by Dennis Crouch
The Alice test officially includes two steps. But these are highly correlated steps. Thus, if a claim fails step one, it usually fails step two as well. In this case, the court appears to borrow heavily from typical step two analysis in order to make its step one conclusion:
Universal Secure Registry v. Apple and Visa (Fed. Cir. 2021)
The district court dismissed USR’s patent infringement complaint, holding of all four asserted patents were ineligible under the abstract idea test incorporated into 35 U.S.C. § 101. On appeal, the Federal Circuit has affirmed. U.S. Patent Nos. 8,856,539; 8,577,813; 9,100,826; and 9,530,137.
The patents here are directed to technology for securing electronic payment transactions. This is an area of technology that the Federal Circuit has previously addressed. Here, the court notes that cases “often turn on whether the claims provide sufficient specificity to constitute an improvement to computer functionality itself.” Slip Op. Note that this statement from the court has two specific requirements: (1) that the claims be drafted with specificity; and (2) that the element claimed by an “improvement to computer functionality.” Generic claims are not enough; neither are specific claim limitations directed toward elements already well known in the art.
- Secured Mail Solutions LLC v. Universal Wilde, Inc., 873 F.3d 905 (Fed. Cir. 2017) (use of conventional generically claimed barcode to communicate information about the object being mailed was an abstract idea).
- Electronic Communication Technologies, LLC v. ShoppersChoice.com, LLC, 958 F.3d 1178 (Fed. Cir. 2020) (requirement of input, storage, and use of generically claimed authentication information was abstract).
- Solutran, Inc. v. Elavon, Inc., 931 F.3d 1161 (Fed. Cir. 2019) (use of well known check verification method did not save the claims from being abstract).
- Prism Technologies LLC v. T-Mobile USA, 696 F. App’x 1014 (Fed. Cir.
2017) (receiving and authenticating identity data to permit access was abstract since they were claimed generically rather than offering a “concrete, specific solution”).
Here, the claimed method enables a merchant transaction. The merchant is given a time-varying code instead of a credit card number. That code is then set the credit card company servers for authorization, including any restrictions on transactions with the merchant. The company then either approves or denies the transaction. This approach allows for purchases without actually providing the merchant with the “secure information” such as the credit card or account number.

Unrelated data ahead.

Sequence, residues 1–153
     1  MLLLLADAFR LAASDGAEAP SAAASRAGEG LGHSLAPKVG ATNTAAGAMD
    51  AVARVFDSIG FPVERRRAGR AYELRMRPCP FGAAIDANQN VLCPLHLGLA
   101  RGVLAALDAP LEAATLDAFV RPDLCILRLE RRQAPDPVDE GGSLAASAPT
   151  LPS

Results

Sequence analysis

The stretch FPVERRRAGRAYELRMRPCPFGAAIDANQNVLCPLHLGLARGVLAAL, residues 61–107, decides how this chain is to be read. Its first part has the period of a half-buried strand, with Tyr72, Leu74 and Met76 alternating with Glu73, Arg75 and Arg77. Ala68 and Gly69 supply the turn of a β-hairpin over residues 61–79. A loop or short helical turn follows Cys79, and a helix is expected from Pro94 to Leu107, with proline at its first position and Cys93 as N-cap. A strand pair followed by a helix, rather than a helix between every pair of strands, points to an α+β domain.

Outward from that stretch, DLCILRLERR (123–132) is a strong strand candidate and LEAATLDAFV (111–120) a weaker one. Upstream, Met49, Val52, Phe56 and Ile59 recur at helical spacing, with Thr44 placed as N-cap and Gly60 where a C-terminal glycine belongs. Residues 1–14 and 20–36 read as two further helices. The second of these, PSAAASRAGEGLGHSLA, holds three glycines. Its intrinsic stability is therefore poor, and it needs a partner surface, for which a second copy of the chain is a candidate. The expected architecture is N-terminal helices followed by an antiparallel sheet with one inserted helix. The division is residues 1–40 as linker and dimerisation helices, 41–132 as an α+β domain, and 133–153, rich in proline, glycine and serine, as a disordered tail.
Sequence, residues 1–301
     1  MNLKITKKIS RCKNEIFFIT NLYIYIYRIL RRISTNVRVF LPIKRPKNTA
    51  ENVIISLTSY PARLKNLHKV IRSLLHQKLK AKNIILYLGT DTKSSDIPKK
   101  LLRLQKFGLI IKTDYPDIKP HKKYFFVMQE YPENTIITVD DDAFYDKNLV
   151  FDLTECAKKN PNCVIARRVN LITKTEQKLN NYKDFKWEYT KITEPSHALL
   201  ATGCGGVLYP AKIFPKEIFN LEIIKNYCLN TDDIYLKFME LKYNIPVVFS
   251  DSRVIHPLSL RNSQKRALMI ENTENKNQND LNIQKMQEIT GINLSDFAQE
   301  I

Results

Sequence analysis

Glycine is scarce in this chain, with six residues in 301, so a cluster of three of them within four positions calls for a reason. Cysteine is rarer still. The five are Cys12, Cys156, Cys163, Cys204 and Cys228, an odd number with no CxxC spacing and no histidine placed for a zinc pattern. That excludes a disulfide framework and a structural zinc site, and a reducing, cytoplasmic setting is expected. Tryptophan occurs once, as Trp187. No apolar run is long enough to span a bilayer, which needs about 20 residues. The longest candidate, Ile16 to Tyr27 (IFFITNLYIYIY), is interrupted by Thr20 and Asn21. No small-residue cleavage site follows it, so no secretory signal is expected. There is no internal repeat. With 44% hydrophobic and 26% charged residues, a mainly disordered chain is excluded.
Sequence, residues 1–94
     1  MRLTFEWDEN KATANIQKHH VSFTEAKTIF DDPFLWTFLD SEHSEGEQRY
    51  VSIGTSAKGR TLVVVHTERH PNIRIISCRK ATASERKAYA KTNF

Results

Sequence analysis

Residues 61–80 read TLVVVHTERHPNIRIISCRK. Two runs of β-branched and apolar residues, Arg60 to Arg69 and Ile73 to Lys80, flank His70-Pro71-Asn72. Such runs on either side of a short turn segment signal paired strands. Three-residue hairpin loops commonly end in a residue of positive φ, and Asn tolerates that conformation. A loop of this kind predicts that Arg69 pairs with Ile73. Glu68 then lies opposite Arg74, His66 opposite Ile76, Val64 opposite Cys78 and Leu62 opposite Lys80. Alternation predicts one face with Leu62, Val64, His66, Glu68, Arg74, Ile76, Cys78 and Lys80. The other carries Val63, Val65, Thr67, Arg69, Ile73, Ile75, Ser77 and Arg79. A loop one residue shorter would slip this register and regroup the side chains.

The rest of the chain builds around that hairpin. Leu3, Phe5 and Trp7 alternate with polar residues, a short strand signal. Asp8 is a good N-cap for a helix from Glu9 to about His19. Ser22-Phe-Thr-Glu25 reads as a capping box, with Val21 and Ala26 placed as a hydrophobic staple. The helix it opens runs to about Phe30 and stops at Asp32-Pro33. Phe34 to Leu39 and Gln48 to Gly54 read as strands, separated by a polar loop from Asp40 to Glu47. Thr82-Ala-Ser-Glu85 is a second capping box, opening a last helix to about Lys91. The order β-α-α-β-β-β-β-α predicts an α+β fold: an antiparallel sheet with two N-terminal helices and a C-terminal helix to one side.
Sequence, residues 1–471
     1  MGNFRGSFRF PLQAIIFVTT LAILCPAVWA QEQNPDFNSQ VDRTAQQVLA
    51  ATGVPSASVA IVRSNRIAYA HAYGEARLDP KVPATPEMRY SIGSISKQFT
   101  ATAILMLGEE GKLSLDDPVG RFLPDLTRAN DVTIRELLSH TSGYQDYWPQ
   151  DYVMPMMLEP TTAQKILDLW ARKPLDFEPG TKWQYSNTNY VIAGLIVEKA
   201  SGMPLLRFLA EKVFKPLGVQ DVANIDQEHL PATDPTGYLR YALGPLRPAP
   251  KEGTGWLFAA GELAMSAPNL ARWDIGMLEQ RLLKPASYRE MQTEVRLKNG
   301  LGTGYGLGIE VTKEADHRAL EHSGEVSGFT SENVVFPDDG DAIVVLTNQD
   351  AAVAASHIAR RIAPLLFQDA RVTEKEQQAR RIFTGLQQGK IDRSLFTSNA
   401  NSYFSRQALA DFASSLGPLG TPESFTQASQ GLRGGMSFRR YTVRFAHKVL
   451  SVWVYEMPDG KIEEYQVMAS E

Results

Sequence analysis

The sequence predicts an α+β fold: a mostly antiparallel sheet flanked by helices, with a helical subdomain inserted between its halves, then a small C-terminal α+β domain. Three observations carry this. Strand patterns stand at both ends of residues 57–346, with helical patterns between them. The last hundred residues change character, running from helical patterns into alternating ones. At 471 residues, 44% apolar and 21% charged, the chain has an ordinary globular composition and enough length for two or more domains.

The district court identified the abstract idea here of “obtaining the secure verification of a user’s identity to enable a transaction.” On appeal, the Federal Circuit suggested that analysis wasn’t entirely correct, but did agree that the claims are directed to an abstract idea.
In our view, the claims “simply recite conventional actions in a generic way” (e.g., receiving a transaction request, verifying the identity of a customer and merchant, allowing a transaction) and “do not purport to improve any underlying technology.” Solutran. Accordingly, the claims are directed to an abstract idea under Alice step one.
[T]he asserted claims are directed to a method for verifying the identity of a user to facilitate an economic transaction, for which computers are merely used in a conventional way, rather than a technological improvement to computer functionality itself.
Slip Op. The court found this case “closer to the demarcation line between what is abstract and non-abstract” than some other cases, but still on the wrong side of the line.
As you’ll see, the court’s conclusions in Alice Step One (conventional actions in a generic way) fully answer Alice Step Two as well. The court particularly notes that time-varying codes were already well known in the field. Further, this case of using a third-party intermediary is also well known and an abstract idea itself.
- The court walked through several other related claims, including the use of a biometric sensor, but found them all abstract.
- The decision discussed here was precedential. The court also released four non-precedential USR v. Apple decisions. Apple v. USR, 20-1330. The PTAB sided with the patentee in an IPR and found claims of US8856539 not proven invalid. That decision was vacated based upon the invalidity finding. See also, Visa and Apple v. USR, 20-1662 (Same result); Apple v. USR, 20-1222 (appeal rendered moot); Apple v. USR, 20-1223 (appeal rendered moot; vacate and remand for dismissal; holding that substitute claim was also ineligible).